A lotta my girls come up to me sayin’ “Oh I just like the beats. I don’t listen to what they sayin”
Them beats open you up and you just let everything seep in. When you breathing it in—all the language, these words– they creep in like second hand smoke.
One of my favorite artists is Dr Dre and he’s rough on the ladies, man. I swear I don’t even register it.
I’m so like “Ooooh how he get his drums to slap like that?!”
“Daaaaayyyyum—the EQ on them overdubs”
— Peep One in HYPE MAN, p. 41
When Peep says Dr. Dre is rough on the ladies, she’s speaking to the issues that Dr. Dre presents in his music and relationships with women, but also to the pervading misogyny in hip hop music and culture more broadly. Not only is this behavior excused and accepted, it also makes navigating the industry exceedingly difficult for women like Peep One who are trying to make a career in music.
“Hip hop has always had a serious problem with the female gender. Most of the time women are viewed solely as a visual accessory or sexual object. This is nothing new, right? I mean, how long has it been since Dr. Dre assaulted Dee Barnes? And the list of incidents in recent memory goes on, including Famous Dex, Ian Connor, Kodak Black and let’s not forget Chris Brown, who managed to get off or get over in the court of public opinion, becoming a worldwide icon again thanks to people’s short memories and attention span not to mention their willingness to overlook violence against women.”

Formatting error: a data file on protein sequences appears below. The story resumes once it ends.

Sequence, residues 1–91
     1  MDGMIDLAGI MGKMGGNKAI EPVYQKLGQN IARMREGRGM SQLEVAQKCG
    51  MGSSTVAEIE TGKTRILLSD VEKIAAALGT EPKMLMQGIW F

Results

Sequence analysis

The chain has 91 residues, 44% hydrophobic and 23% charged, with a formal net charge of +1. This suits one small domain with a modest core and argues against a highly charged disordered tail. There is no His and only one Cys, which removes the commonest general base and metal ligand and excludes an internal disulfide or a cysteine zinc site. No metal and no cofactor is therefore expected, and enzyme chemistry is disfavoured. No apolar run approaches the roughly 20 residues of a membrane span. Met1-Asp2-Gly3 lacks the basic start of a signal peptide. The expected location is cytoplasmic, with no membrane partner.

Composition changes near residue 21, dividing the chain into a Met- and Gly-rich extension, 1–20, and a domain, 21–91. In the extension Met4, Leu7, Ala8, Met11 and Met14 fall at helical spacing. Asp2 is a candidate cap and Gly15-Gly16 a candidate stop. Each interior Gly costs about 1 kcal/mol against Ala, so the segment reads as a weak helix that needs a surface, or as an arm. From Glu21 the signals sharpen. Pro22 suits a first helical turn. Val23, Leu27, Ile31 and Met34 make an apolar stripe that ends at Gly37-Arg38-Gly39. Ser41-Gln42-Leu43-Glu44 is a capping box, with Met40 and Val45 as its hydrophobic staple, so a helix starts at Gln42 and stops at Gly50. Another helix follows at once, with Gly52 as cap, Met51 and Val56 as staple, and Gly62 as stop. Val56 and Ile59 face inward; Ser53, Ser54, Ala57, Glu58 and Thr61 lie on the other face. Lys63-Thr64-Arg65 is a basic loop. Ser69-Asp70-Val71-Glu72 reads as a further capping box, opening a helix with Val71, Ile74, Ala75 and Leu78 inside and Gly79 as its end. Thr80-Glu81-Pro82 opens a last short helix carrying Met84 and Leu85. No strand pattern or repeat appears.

Check out Dr. Dre being “rough on the ladies” in his song “Bitches ain’t shit” below:
“Bitches ain’t shit” is only one example of the many songs where male hip hop artists have expressed aggressive sexual and physical violence toward women. Some prominent highlights also include:“Me So Horny” by 2 Live Crew, “Big Pimpin” by Jay-Z f/ UGK, “One More Chance” by The Notorious B.I.G., “Slob on my Knob” by Three 6 Mafia, “Wait (The Whisper Song)” by The Ying Yang Twins, “Who knew” by Eminem, “Culo” by Pitbull, and, “Bitch Suck Dick” by Tyler, The Creator f/ Jasper, Taco.
All of these artists have been, and continue to be, hugely successful in the hip hop industry, largely because of a die hard fan base that defends them no matter what. And because American society normalizes misogyny and violence against women, especially in pop culture and music, many fans keep listening and push push past the lyrics to hear only the beat. But, as Peep One says, it doesn’t mean those messages don’t enter our subconscious — they truly do creep in like second hand smoke.